Massimo Giorgetti broke out of the lockdown barriers with an MSGM collection that screamed colours, joy, fun, sun. Filming in Maremma, the MSGM pieces were right at home against the Mediterranean backdrop, with surfer motifs, tie-dye looks and splashes of acid colours infusing the collection with summery vitality — enough to prompt anyone to break free from the cobwebs of a year in lockdown and to kick-start their way back into living life to the fullest.
One of the key reveals of this season was the new chapter in the history of denim powerhouse that is Diesel, which presented its first collection designed by Y/Project creative director Glenn Martens. Freeing the pieces from gender, Martens’ signature oversized jackets fused fantastically with an innovative experimentation with denim, exploiting the full versatility of the material. Futuristic, experimental, daring and sleek, the new collection has our full attention. We’re curious to see more.
In an installation hosted by TOOLs, the innovative platform DADSIT — the home for young designers that has charmed both the fashion and the music industries – showcased the best new talents of the Made in Italy stamp. And their designs caught our attention. Founded by Giorgio Lorusso, Giacomo Nasi and Nicola Del Cioppo, all graduates of Polimoda in Florence, the platform offers media, PR and showroom support to designers starting out in the industry: ”What we do is a 360° support circle, starting from the development of the collection from pattern making, going through the changes to the final samples; we help them also in the fabrics and material research and small quantities production, that’s the big issue for small and growing realities.” The pieces of designers Andrea Alchieri, Ginevra Allegri, Alice Baggio, Giacomo Nasi, Manuel Calabrese, Lucia Garofalo, Emma Gini, Andrea Grossi, Giorgio Lorusso and Francesca Palma will be available on the platform, making waves with a new direct, design-led approach to sales in the fashion world. “Our goal is to help them in all the needs we can satisfy working with artisans and professional in the fashion system, from development to networking to production, we’re here for them,” Giorgio Lorusso tells us. “The e-commerce platform, that we’re launching on September, will give them the power to be on stage, and to dress those people who care more about young and innovative designers instead of already established brands.” For those too impatient to wait, the pop up will remain open in Milan until July 10th.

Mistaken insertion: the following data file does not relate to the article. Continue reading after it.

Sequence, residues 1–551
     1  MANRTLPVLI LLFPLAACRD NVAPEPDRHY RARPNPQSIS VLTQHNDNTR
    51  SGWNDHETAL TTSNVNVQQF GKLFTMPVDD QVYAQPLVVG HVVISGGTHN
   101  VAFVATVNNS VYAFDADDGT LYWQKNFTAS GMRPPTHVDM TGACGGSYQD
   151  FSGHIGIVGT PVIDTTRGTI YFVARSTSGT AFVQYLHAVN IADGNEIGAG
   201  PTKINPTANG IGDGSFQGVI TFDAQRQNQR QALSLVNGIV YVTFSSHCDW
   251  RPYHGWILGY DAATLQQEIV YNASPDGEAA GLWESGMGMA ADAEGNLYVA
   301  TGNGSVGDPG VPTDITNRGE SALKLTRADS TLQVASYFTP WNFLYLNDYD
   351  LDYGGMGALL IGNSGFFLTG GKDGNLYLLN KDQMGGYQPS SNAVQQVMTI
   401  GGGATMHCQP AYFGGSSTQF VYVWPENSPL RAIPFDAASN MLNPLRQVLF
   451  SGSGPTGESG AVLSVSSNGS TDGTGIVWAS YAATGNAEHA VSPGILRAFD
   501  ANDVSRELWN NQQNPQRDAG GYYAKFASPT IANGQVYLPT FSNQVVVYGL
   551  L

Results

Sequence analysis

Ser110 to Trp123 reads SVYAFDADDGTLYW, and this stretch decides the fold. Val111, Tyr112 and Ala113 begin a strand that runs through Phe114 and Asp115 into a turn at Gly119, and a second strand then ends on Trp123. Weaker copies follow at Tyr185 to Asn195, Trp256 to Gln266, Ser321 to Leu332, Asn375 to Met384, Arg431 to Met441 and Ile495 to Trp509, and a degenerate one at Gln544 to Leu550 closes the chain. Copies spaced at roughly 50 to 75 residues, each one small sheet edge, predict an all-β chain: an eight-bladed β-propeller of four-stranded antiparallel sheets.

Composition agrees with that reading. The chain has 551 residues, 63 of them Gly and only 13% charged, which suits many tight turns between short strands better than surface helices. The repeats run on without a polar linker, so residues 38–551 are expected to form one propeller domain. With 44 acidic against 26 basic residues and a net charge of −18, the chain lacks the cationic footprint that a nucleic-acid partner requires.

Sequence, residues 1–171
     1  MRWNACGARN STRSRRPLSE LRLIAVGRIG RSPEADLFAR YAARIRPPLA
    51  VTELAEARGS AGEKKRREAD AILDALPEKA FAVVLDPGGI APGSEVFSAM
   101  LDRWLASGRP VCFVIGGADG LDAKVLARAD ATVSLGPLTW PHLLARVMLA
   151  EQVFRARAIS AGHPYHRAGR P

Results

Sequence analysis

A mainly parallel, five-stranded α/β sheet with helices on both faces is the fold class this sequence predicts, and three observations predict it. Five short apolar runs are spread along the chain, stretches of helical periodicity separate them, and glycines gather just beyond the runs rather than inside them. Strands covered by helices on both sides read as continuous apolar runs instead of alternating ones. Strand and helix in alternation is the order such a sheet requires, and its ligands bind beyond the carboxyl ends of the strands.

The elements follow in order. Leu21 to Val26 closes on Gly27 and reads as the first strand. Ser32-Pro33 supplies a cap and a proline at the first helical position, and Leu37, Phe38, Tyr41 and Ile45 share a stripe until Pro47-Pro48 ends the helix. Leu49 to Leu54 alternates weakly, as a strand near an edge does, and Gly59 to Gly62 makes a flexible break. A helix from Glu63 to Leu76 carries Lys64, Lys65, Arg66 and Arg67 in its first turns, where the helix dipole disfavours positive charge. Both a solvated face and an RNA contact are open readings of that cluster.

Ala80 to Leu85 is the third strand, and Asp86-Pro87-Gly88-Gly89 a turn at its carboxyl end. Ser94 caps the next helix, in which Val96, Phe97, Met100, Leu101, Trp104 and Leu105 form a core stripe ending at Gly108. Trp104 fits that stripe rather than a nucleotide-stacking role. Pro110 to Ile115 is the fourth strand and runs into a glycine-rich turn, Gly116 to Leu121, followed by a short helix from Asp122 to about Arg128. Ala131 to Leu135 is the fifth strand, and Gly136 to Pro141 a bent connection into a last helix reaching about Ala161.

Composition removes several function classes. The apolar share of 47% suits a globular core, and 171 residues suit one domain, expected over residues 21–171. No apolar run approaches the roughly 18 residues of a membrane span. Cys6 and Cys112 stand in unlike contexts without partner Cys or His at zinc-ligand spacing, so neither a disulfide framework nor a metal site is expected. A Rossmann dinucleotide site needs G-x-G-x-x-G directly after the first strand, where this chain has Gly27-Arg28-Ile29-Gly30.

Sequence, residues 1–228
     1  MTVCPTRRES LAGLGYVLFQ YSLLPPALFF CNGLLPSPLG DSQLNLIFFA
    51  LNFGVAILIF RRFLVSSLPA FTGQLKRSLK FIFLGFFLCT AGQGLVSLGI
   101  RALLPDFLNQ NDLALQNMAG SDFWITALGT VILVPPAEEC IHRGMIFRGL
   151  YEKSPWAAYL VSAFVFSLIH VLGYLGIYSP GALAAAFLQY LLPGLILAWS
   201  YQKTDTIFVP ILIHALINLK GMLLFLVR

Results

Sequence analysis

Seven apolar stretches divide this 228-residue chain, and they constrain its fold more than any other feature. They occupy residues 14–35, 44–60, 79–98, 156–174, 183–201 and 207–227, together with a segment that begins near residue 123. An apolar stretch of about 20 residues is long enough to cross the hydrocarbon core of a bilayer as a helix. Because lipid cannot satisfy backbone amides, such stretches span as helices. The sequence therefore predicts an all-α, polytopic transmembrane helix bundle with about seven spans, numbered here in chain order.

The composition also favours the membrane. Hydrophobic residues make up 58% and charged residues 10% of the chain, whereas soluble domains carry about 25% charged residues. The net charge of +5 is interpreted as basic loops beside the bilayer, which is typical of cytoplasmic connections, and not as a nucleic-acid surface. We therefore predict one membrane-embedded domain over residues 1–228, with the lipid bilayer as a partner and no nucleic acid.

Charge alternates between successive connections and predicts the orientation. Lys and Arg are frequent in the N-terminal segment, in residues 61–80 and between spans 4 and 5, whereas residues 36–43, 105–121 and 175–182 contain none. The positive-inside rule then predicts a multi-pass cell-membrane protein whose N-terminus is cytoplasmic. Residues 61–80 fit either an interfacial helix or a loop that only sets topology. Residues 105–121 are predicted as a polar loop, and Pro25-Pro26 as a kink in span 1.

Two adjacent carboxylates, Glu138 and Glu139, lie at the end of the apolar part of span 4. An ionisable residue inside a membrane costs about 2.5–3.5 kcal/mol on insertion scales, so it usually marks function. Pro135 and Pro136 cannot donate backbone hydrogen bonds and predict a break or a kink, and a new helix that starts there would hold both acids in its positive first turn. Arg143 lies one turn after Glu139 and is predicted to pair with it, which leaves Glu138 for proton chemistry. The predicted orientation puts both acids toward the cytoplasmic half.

Dima Leu presented his “Andante” collection, based on an idea of slowing down the rat race of contemporary working dynamics – a starting point taken from the emotional state of the Moldavian designer himself. Clean-cut geometric pieces are combined with layering various lengths of trousers, oscillating between big volumes and carefully tailored pieces. Working with iconic fabric manufacturer Marzotto, Dima Leu rifled through the house’s archive to recycle and reuse past samples, introducing an ever so important sustainable side to the collections — a step toward a better future that we can all embrace.
words. Patrick Clark